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New Metchosin mayor wants respectful debate, plan for staying rural

Marie-Therese Little will sit in the mayor’s chair for the first time on Nov. 7
Marie-Therese Little is Metchosin’s next mayor. (Courtesy of Marie-Therese Little)

Amid the big news, the excitement and the disappointment, the high and lows of election night, Coun. Marie Therese Little’s campaign team left a small gathering at Little’s house not knowing if their efforts would bear fruit.

They had spent the night celebrating the work put into the campaign but did not know if Little had been elected as Metchosin’s new mayor, with the district not reporting its results until early Sunday (Oct. 16) morning.

“Then at about 12:40, I guess, in the morning, my scrutineer called and gave me the results, and I was very pleased and very tired. We had a cup of tea and went to bed.”

Little won with 51.7 per cent of the vote (1,015 votes), narrowly beating Kyara Kahakauwila who got 47.5 per cent (933 votes). Both served during the last term as councillors.

With the first meeting set for Nov. 7, Little wants to focus on transparency and respectful debate in council chambers, developing a rural Metchosin preservation plan and helping agricultural businesses while protecting the environment.

“You see with all the candidates, everybody says I want to keep Metchosin rural, and I’m saying how? Let’s talk about the how.”

Her first priority, which she referred to as accountable governance, will be a tricky road to navigate. Both outgoing Mayor John Ranns and Coun. Andy MacKinnon had said tensions were far higher between council and residents this past term, with the nastiness that crept in part of the reason MacKinnon decided against running again.

“I think it has been a challenging time for many districts and municipalities during COVID. But the mayor sets the tone. The mayor, in my view, sets the tone, and it can be positive or negative. I intend to have a very positive term – forward-thinking, thinking outside the box, strategic planning and looking to our future,” Little said.

Kahakauwila was not only surprised by the result, but by how close the race was.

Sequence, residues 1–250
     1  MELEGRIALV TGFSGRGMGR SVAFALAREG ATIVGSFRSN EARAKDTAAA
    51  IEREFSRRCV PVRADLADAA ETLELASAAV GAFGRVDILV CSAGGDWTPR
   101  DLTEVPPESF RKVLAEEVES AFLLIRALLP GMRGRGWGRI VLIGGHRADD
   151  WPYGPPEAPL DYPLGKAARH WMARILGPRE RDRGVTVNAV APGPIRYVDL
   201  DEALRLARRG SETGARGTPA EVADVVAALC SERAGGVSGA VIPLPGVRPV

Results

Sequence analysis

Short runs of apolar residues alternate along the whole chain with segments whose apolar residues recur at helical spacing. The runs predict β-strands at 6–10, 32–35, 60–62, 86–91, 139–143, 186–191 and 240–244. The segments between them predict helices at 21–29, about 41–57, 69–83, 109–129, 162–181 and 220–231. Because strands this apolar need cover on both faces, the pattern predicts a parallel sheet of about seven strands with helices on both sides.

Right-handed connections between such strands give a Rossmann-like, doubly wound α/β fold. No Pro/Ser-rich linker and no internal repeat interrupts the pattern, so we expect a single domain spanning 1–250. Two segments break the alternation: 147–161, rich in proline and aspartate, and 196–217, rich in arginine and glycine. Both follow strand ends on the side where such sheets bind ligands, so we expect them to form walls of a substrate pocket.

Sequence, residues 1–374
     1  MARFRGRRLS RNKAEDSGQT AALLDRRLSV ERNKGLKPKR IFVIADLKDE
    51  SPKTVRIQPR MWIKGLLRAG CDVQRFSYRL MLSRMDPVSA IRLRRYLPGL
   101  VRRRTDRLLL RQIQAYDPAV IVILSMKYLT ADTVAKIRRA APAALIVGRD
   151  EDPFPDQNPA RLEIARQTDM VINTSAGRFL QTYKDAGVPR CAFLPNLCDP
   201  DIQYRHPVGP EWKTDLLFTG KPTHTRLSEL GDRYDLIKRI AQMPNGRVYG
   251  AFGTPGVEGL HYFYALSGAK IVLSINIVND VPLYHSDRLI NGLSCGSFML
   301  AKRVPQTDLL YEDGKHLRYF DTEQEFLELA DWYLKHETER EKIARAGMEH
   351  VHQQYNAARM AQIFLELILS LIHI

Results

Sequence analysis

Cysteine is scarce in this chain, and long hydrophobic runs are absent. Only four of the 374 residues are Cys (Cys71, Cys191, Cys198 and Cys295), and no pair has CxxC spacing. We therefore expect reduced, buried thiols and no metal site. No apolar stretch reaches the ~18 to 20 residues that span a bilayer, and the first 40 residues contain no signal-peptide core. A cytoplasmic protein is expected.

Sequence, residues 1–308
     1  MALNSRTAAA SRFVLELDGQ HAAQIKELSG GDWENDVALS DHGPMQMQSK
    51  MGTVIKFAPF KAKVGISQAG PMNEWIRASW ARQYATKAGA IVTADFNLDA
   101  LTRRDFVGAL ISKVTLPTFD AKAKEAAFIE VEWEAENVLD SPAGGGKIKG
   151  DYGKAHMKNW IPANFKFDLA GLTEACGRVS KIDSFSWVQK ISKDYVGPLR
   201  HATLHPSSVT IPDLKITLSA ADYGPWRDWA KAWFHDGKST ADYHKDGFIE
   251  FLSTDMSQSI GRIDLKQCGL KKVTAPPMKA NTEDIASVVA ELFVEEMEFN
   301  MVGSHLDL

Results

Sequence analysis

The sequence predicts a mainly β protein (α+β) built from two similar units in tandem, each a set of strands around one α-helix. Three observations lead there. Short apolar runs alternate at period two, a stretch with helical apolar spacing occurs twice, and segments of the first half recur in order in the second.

She had been endorsed by Ranns, something she said may have worked against her with incumbent mayors losing their elections at a much higher rate than usual. Outside of Ranns, Kahakauwila was the longest-serving member on council, first elected in 1999 and serving on council until 2008, when she ran unsuccessfully for mayor against Ranns. She was re-elected as a councillor in 2014.

“It is a bit of a grieving process because this is something that I had worked on for a long time. I had always thought after 17 years on council that the next natural progression for me and my leadership here in my community would be to take on the mayor’s chair, but that’s not the way it is right now.”

For now, Kahakauwila said she’ll likely turn to other community projects, but hasn’t ruled out a return to politics.

Last term’s council had a number of balls to juggle, including negotiations on police funding and looking at Metchosin’s bylaw enforcement.

“That was my goal, regardless of whether or not I was at the table, because I always knew that there was a possibility I wouldn’t be – to set up the next council for success. Because for me… if you have a functioning council, if you have a successful council, then things move forward the way that they should for your community and for your residents.”

READ MORE: Marie-Terese Little is Metchosin’s new mayor

READ MORE: Retiring Metchosin mayor stayed ‘committed to the rural lifestyle’


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